Emmanuel Taku - New Now London Tuesday, July 13, 2021 | Phillips

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  • 'Though our bodies are usually politicised, I seek to further practice reclaiming our narrative like many great artists before me by capturing black bodies in a potent reverence.'
    —Emmanuel Taku

    Two figures dominate the composition of The Amethyst Pair. Their bodies learn into one another as their gaze turns outwards, presenting an image of intimate solidarity. The dynamic work was created by Ghanaian artist Emmanuel Taku in 2020 during his participation in a 4-week residency at Noldor, a programme established by Joseph Awuah-Darko in Accra, Ghana, to nurture emerging African artists. Taku asserts the significance of the interconnected poses of the bodies, noting that the work was conceived as a celebration of ‘the age-old saying of ‘Ubuntu’ meaning ‘I am because we are.’i Embracing the aesthetic and symbolic potential of different mediums, torn pieces of newspaper embellish the faces of the figures evoking the politicisation of the representation of Black bodies in the media. The artist’s trademark incorporation of paisley also makes a political point. The textile, originally from East India, was introduced to England during the colonial era and in its diasporic journey across the world stands, for Taku, as a symbol of the ‘melting pot of cultural identity.’ii The pattern is screen-printed onto the canvas to clothe the figures in matching amethyst ensembles, evidencing an experimentation with technique that characterised the artist’s residency at Noldor. 

    The Amethyst Pair was exhibited in Accra alongside a body of figurative work made by Taku during the residency. The exhibition was titled Temple of Blackness – It Takes Two, responding to British-Ghanaian artist John Akomfrah’s characterisation of traditional Western art museums as ‘Temples of Whiteness.’iii Taku explains, ‘[t]his notion stuck with me and drove me to aspire for my own ‘Temple of Blackness’’.iv The figures that occupy this metaphorical temple are depicted in strong poses with blank eyes that recall classical sculptural traditions. However, Taku reconfigures this imagery, painting, collaging, and screen-printing figures, such as those in The Amethyst Pair, so that they take on a supernatural quality as ‘demi-gods, or heroes.’v Taku describes this mode of representation as one of ‘figurative surrealism’, intended to reclaim the ‘objectified representation’ of Black bodies in art.vi Taku’s approach to figuration situates his work alongside that of other artists powerfully forging new modes of Black portraiture, including British artists Lynette Yiadom-Boakye and Lubaina Himid, and fellow Ghanaian artist Amoako Boafo, with whom Taku trained at the Ghanatta Institute of Art and Design.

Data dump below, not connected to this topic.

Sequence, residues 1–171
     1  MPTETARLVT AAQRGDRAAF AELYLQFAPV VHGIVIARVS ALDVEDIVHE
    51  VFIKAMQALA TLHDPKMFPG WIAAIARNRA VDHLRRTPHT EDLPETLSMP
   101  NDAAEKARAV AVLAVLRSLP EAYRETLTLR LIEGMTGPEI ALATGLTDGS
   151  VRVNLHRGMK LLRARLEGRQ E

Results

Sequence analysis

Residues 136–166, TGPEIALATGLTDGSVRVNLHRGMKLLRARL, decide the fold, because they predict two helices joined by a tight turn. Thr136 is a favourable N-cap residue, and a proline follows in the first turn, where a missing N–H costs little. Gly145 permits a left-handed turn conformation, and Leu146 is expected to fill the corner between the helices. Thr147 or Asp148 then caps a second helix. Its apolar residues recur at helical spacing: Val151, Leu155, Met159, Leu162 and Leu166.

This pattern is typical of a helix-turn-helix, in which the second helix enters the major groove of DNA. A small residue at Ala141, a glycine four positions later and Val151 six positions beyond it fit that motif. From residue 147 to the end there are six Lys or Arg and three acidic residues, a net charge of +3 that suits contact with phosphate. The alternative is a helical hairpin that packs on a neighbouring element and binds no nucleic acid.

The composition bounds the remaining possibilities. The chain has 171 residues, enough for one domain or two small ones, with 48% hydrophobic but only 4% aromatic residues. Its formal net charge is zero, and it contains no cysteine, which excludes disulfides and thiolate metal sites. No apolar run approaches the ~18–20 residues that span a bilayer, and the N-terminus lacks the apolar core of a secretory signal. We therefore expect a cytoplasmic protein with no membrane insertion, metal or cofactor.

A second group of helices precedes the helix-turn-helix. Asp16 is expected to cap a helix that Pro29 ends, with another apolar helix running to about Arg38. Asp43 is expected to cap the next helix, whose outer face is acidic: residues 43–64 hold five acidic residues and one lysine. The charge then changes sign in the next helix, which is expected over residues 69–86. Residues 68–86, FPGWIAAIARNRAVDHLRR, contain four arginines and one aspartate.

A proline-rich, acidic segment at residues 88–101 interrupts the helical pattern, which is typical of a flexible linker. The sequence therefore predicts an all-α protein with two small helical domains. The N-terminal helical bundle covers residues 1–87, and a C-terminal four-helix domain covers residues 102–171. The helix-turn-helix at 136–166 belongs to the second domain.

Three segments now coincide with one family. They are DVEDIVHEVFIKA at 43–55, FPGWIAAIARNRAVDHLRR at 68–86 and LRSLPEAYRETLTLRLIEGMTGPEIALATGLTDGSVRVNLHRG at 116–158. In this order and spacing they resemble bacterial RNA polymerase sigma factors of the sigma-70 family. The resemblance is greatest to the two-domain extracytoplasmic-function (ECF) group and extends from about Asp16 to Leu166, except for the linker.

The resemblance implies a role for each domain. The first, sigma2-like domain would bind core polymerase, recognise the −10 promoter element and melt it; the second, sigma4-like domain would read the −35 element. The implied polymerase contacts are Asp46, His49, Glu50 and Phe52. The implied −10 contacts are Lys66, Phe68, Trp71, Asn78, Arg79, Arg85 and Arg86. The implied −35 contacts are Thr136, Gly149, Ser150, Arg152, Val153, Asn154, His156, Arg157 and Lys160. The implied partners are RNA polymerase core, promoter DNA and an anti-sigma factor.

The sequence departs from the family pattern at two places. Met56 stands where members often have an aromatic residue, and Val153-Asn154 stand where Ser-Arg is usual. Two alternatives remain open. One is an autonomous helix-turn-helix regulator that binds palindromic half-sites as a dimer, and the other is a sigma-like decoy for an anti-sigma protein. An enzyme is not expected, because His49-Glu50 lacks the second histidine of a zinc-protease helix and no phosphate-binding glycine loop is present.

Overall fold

Emmanel Taku and Joseph Awuah-Darko, founder and director of the Noldor artist residency, discuss Taku’s participation in the programme, and the process of creating the body of work exhibited as Temple of Blackness – It Takes Two, 2020. 


    i Emmanuel Taku, quoted in ‘The Amethyst Pair’, Africa First, online
    ii Emmanuel Taku, quoted in ‘Noldor Residency Offers Boost For Artist’s Mind and Body of Work,’ FLYafrica Magazine, Issue 10, online
    iii Emmanuel Taku, quoted in ‘Temple of Blackness – It Takes Two’, Contemporary &, online
    iv Emmanuel Taku, quoted in ‘Temple of Blackness – It Takes Two’, Contemporary &, online
    v Emmanuel Taku, quoted in ‘Temple of Blackness – It Takes Two’, Contemporary &, online
    vi Emmanuel Taku, quoted in ‘Emmanuel Taku’, Maruani Mercier, online

    • Provenance

      The Noldor Residency, Accra
      Acquired from the above by the present owner

    • Exhibited

      Accra, The Noldor Residency, Temple of Blackness- It Takes Two, 4 December 2020 - 21 January 2021

    • Literature

      Melanie Gerlis, 'Ghana gets first artist residency,' Financial Times, 3 December 2020, online (illustrated)
      Romina Román, 'Emmanuel Taku Ghana's Finest and Brightest,' Metal Magazine, December 2020, online (illustrated)
      Danielle Gorodenzik, Joseph Awuah-Darko and Emmanuel Taku Interviewed by Africa First, Africa First Collection, February 2021, online (illustrated)
      Meghan Grech, 'Black Identity and Power Emmanuel Taku’s Mixed Media Portraiture', Casper Magazine, 2021, online (illustrated)
      Cristina Samper, 'Feel Hypnotised With the Gaze and Clothes in Emmanuel Taku's subjects,' Art of Choice, 28 June 2021, online (illustrated)



The Amethyst Pair

signed and dated 'Taku 2020' on the reverse
acrylic and paper collage on canvas
210 x 140 cm (82 5/8 x 55 1/8 in.)
Executed in 2020.

Full Cataloguing

£10,000 - 15,000 

Sold for £69,300

Contact Specialist

Simon Tovey
Head of New Now Sale
+44 20 7318 4084

New Now

London Auction 13 July 2021